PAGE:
Anchoring the soaring landmark towers, and providing a new social destination for people is an open-air village comprising nearly 90,000 square meters of retail and dining, as well as an events auditorium and public park for recreational and cultural activities where visitors and residents can gather and engage. The park will serve as an outdoor garden where sculptures from local students will be displayed. Terraced balconies, glass bridges, landscaped roof gardens, open-air spaces, mesmerizing water features and a grand central plaza all reinforce the idea of a fluid and choreographed circulation system at the core of the retail complex. The high-rise towers include over 160,000 square meters of luxury housing units and nearly 50,000 square meters of creative office space.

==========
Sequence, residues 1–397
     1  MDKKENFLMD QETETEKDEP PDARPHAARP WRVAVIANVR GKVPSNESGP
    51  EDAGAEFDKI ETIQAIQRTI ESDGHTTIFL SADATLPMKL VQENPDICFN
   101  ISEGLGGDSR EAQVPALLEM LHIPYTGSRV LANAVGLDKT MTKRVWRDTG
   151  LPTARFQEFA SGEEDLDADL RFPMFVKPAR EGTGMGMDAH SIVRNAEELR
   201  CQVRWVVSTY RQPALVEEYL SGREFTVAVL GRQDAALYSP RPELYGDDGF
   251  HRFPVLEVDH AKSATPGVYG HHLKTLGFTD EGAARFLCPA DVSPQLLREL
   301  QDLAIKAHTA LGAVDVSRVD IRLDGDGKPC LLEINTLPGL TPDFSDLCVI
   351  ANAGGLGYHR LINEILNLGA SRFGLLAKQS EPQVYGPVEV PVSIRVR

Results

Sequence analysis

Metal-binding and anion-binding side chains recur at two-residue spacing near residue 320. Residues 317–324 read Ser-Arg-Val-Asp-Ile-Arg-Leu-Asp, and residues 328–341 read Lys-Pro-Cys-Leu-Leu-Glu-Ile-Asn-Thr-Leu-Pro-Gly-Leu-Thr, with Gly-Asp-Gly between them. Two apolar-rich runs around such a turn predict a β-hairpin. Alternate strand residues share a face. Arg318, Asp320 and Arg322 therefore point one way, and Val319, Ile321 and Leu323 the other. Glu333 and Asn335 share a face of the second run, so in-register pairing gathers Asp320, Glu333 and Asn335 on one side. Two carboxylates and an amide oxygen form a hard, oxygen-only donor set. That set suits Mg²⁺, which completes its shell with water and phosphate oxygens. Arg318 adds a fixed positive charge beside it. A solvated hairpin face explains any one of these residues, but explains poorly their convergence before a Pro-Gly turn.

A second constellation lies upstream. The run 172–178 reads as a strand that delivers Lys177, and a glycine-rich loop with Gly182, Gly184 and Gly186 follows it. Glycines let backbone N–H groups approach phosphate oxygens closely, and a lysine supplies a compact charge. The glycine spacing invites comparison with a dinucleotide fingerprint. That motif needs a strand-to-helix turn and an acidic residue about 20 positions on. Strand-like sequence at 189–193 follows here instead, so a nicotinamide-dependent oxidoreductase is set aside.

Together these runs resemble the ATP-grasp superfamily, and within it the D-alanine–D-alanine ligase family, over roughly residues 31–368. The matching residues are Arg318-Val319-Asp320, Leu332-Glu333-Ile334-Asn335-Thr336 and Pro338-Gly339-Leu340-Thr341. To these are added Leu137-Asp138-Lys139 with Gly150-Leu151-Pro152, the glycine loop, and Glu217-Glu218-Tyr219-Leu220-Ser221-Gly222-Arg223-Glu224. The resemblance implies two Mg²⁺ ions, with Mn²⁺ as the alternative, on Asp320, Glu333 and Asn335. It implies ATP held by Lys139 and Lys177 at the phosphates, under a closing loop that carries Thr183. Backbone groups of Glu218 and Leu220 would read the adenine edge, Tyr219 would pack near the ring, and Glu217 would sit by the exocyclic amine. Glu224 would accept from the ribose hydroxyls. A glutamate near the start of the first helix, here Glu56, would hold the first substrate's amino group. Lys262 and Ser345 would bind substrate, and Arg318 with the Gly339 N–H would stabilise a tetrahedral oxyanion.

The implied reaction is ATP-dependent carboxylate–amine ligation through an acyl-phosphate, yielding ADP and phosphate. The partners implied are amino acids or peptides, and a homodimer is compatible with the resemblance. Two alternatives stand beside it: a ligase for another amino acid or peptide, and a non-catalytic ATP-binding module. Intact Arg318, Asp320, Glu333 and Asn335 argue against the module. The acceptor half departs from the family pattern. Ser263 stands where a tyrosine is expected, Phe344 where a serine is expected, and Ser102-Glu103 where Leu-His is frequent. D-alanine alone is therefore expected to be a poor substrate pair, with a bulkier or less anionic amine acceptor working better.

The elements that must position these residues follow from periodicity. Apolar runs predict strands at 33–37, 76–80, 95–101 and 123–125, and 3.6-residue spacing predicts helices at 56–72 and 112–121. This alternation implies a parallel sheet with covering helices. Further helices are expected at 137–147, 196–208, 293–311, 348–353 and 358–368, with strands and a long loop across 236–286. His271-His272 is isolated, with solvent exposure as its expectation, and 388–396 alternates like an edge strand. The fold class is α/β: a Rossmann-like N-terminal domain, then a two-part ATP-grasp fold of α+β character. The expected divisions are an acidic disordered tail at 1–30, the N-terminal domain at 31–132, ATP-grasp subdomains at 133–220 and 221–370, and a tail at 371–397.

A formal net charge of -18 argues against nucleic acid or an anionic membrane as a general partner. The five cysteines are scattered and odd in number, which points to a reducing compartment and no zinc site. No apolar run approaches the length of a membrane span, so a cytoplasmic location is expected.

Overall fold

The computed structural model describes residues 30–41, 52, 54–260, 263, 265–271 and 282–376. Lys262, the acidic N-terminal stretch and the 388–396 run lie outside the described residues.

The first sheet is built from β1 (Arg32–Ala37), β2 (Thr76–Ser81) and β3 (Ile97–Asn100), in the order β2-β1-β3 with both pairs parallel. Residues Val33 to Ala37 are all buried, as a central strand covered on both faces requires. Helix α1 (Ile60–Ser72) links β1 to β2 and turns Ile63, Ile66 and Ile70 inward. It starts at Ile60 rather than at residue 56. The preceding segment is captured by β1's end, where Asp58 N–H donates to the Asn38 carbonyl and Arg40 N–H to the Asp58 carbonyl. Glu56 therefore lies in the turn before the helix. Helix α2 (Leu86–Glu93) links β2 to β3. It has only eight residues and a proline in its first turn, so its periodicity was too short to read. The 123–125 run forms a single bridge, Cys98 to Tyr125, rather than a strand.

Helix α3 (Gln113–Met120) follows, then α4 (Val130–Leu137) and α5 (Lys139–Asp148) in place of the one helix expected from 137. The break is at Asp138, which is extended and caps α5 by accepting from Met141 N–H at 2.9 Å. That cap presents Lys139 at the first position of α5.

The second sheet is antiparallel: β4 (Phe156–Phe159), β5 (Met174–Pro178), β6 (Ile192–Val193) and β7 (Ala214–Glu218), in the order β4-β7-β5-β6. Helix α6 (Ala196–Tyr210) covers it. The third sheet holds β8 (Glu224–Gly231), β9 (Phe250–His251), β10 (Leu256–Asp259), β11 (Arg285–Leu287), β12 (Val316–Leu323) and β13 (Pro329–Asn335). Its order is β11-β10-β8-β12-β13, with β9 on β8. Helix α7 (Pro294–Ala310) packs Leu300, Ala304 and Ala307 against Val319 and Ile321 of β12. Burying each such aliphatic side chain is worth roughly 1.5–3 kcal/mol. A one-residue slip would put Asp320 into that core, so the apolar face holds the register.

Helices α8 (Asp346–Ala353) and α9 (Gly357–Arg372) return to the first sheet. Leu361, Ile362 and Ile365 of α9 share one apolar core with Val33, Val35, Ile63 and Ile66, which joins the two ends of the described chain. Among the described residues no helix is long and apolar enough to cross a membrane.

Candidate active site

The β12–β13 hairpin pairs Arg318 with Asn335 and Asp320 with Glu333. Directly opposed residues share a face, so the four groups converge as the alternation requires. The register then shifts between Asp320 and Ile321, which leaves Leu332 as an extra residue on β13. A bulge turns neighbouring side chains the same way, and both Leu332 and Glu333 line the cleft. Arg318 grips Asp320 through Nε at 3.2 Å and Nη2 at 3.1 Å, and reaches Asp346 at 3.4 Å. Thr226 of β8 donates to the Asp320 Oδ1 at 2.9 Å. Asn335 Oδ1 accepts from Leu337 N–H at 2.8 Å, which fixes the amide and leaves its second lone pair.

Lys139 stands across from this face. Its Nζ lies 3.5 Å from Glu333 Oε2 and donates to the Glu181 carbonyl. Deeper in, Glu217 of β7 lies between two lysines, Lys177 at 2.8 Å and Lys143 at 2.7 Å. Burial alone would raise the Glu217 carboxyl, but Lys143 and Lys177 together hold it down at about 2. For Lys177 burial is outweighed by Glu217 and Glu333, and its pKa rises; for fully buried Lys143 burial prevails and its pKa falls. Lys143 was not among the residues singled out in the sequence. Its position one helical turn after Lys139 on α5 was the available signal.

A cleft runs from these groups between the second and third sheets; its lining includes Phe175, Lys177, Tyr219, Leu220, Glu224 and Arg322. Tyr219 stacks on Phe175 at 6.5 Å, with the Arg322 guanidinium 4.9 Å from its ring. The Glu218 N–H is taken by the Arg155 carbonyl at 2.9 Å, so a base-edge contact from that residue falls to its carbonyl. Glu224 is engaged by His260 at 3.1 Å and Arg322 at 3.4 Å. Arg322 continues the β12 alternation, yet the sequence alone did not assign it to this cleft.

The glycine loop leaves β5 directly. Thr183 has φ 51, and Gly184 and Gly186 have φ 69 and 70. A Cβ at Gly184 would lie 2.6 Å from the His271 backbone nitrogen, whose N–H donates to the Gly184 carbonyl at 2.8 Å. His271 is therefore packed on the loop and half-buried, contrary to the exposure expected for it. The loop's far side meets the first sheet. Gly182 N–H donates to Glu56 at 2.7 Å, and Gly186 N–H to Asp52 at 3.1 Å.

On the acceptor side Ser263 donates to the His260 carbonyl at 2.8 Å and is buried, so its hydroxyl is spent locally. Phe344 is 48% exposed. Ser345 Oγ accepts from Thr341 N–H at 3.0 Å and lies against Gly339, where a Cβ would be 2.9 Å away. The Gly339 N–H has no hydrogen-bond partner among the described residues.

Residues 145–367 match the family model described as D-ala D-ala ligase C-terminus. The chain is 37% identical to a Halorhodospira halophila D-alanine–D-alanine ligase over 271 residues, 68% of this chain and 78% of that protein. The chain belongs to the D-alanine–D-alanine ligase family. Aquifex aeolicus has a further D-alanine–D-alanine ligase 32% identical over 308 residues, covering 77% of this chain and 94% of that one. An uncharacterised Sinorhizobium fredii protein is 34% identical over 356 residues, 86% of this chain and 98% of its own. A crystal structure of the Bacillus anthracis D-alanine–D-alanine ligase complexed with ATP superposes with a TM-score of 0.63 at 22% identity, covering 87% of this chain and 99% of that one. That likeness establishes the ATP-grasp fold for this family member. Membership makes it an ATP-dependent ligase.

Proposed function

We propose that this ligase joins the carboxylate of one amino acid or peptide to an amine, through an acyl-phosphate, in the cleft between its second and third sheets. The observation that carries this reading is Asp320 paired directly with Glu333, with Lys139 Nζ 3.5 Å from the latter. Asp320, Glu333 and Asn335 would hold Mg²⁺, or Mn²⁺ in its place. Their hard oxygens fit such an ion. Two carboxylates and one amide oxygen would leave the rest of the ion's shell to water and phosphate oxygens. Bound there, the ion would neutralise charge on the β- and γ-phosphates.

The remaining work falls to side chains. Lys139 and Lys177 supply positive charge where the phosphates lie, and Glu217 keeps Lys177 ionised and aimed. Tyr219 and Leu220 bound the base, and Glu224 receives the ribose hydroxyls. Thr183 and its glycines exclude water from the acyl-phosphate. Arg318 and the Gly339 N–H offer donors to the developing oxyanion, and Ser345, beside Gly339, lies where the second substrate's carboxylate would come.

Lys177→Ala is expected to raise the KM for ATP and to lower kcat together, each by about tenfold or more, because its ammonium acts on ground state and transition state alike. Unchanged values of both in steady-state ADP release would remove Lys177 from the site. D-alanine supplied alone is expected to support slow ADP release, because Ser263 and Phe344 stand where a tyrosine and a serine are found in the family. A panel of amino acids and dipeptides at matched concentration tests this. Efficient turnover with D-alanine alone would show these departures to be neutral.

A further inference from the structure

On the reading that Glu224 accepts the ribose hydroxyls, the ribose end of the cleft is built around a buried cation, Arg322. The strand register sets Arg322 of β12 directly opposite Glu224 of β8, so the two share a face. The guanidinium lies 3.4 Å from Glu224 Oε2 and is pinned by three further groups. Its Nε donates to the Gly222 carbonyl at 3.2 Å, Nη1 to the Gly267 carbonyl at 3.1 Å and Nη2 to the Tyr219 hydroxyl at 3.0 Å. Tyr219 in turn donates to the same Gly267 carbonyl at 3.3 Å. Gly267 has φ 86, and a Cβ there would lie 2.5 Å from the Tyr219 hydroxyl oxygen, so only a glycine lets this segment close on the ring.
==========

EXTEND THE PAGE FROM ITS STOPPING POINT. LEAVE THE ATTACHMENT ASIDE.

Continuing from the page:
“We were very thoughtful during the design process about how to successfully integrate the project into the existing urban fabric. The organic design evolved by reinforcing key connections through the site from the station to the surrounding neighborhoods, creating a fluid pedestrian experience within the retail, while making the best use of the location in this emerging neighborhood and next to one of Seoul’s busiest transportation hubs,” says Eduardo Lopez, Jerde senior design principal. “Transit-oriented development can work as a catalyst to revitalize certain areas and that’s how we saw this. By incorporating another layer to this dynamic urban atmosphere, in the most organic way possible, we will bring together the many people who are drawn here to work, live, study, play and visit every day.”